• Our separate struggles are really one. A struggle for freedom, for dignity, and for humanity. ... You and your valiant fellow workers have demonstrated your commitment to righting grievous wrongs forced upon exploited people. We are together with you in spirit and determination that our dreams for a better tomorrow will be realized.
  • Forty years ago, here in the United States, there were true activist visionaries and mass movements to enact those visions...There was a César Chávez and a viable farm workers' movement, propped up by the agit-prop of a teatro para un movimiento campesino.
  • Many years ago, when I was merely a vegetarian, I met the great Cesar Chavez, and he said to me: "If you are interested in preventing animal suffering, the first thing you should give up is eggs and milk, because the animals who produce those foods lead the most unhappy lives. You would do better to eat meat and stop eating eggs and dairy products." I was shocked, since I had no intention of eating meat but had never thought of giving up eggs or dairy products. But when I looked into it I realized he was right, and now, years later, after I have studied the matter up close, I know for certain that he was completely correct about the cruel treatment of the animals raised for such products. The advantages of a vegan diet are enormous for our health, for the environment, for the animals themselves.
  • The reality is that many businesses, large and small, have long used undocumented workers to pad their bottom lines. Just consider the agricultural workforce. In California alone-where the $45 billion-a-year agricultural sector supplies more than half the produce consumed in the United States-between 40 and 50 percent of the workforce is made up of undocumented workers. No wonder California has been the site of some of the most important immigrant labor struggles, brought to the consciousness of many Americans in the 1960s and 1970s by the great United Farm Workers leader, Cesar Chavez. That struggle continues today.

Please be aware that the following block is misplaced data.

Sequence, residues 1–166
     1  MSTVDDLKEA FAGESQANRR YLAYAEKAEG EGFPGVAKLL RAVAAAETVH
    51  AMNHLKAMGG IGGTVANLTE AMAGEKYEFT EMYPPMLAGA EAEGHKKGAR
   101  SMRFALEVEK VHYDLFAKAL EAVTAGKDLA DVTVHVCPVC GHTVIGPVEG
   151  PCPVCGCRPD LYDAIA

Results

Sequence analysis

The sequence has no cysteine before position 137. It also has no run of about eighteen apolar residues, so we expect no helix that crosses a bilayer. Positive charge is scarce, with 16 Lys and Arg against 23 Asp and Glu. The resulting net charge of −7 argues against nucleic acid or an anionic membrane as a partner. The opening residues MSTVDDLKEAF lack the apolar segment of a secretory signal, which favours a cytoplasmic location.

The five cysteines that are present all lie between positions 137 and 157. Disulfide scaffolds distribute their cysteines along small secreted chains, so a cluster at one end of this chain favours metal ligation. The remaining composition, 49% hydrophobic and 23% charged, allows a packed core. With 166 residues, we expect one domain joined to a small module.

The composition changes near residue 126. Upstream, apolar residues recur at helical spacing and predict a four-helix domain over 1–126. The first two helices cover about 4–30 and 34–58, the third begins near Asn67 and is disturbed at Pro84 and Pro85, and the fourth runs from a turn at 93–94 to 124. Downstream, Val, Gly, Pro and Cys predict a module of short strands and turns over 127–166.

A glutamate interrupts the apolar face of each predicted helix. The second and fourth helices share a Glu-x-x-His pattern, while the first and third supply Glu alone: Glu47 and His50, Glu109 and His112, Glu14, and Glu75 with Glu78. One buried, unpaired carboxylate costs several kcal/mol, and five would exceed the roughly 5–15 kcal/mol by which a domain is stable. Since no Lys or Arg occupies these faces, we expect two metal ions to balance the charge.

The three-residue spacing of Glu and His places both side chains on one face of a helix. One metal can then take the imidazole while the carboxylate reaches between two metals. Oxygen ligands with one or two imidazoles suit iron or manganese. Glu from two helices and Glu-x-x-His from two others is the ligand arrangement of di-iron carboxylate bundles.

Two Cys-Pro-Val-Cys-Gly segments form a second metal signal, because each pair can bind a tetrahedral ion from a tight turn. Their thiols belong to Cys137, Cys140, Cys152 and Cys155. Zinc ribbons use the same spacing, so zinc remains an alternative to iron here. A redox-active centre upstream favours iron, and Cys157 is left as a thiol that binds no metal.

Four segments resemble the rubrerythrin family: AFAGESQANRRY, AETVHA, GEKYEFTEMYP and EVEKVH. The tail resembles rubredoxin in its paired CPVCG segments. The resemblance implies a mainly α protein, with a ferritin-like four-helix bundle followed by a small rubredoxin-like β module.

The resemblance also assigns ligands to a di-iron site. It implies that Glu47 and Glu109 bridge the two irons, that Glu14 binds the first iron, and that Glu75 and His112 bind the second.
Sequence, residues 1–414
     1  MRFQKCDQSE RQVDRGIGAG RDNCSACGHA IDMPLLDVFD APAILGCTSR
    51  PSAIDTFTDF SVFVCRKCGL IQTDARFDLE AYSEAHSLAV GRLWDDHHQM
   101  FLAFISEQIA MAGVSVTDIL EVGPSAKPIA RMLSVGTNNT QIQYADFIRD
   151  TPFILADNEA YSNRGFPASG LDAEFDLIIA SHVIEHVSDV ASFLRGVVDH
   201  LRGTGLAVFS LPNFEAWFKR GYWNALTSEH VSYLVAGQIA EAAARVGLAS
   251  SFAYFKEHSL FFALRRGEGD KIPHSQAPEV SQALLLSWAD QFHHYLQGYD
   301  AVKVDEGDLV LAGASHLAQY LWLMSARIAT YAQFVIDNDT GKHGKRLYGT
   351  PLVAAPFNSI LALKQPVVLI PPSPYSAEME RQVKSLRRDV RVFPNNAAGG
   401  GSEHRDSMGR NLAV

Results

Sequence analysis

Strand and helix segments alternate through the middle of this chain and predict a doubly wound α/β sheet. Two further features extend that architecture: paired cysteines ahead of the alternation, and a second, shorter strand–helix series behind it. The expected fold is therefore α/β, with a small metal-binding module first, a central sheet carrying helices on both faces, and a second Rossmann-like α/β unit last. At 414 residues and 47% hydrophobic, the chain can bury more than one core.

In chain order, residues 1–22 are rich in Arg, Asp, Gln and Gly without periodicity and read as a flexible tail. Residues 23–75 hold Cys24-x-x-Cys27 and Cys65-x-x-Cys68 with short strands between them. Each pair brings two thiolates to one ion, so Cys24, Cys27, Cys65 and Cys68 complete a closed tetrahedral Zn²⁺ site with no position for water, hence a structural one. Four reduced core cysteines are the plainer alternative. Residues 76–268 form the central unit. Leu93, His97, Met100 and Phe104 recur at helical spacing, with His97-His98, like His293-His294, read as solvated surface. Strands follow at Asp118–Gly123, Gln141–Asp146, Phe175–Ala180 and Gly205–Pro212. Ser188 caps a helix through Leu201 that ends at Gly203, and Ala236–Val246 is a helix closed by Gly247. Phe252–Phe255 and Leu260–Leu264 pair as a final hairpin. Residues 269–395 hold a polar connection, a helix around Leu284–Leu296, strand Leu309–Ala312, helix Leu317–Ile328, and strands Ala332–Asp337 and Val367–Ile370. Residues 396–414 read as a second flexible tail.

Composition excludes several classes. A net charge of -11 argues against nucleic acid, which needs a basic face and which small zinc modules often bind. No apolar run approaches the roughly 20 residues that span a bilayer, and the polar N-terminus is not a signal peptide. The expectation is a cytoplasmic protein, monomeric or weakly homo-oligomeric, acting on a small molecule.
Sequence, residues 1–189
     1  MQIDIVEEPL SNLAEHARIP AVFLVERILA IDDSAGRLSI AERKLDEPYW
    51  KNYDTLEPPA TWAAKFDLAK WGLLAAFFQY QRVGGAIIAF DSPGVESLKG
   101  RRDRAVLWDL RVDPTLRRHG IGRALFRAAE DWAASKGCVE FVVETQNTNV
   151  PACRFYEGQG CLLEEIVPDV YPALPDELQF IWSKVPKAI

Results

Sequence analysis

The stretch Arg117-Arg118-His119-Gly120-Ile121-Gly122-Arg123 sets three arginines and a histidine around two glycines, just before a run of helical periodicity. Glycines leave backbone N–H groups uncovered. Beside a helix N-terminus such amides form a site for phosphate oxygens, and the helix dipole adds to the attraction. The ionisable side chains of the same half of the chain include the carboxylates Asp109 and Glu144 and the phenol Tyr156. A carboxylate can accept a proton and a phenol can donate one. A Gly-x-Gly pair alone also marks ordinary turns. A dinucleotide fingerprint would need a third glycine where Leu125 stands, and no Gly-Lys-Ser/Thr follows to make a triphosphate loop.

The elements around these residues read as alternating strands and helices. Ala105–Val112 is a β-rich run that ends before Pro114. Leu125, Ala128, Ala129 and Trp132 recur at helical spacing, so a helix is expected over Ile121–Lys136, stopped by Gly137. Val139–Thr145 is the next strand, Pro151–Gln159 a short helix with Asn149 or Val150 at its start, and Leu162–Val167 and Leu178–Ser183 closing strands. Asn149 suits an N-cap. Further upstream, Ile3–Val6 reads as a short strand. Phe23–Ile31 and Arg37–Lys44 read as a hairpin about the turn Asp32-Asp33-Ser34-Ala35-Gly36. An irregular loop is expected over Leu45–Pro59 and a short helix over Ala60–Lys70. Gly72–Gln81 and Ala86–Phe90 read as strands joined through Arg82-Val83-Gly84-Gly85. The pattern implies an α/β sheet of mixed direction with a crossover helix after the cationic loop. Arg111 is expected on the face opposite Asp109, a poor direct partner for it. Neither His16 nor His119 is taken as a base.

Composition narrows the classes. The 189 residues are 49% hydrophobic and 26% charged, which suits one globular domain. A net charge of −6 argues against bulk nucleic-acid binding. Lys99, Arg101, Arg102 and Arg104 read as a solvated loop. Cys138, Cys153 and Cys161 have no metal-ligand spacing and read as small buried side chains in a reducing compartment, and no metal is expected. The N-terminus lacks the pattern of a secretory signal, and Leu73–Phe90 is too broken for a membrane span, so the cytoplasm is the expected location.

• Whether one views the Chicano Student Movement as a political quest or as a nationalist struggle, one cannot subsume its identity under the rubric of "Me, too." Although there were a few connections to African-American civil rights groups, with SNCC veterans Betita Martínez and María Varela bringing their organizing skills and experiences to the Southwest, the Chicano Movement was very much its own entity with its own genesis. However, in U.S. history textbooks, Mexicans are typically relegated to the end of the book and pictured as either followers of Cesar Chávez or student activists emulating African Americans. It was not that they wanted a piece of the "American pie," they wanted the freedom to bake their own pan dulce.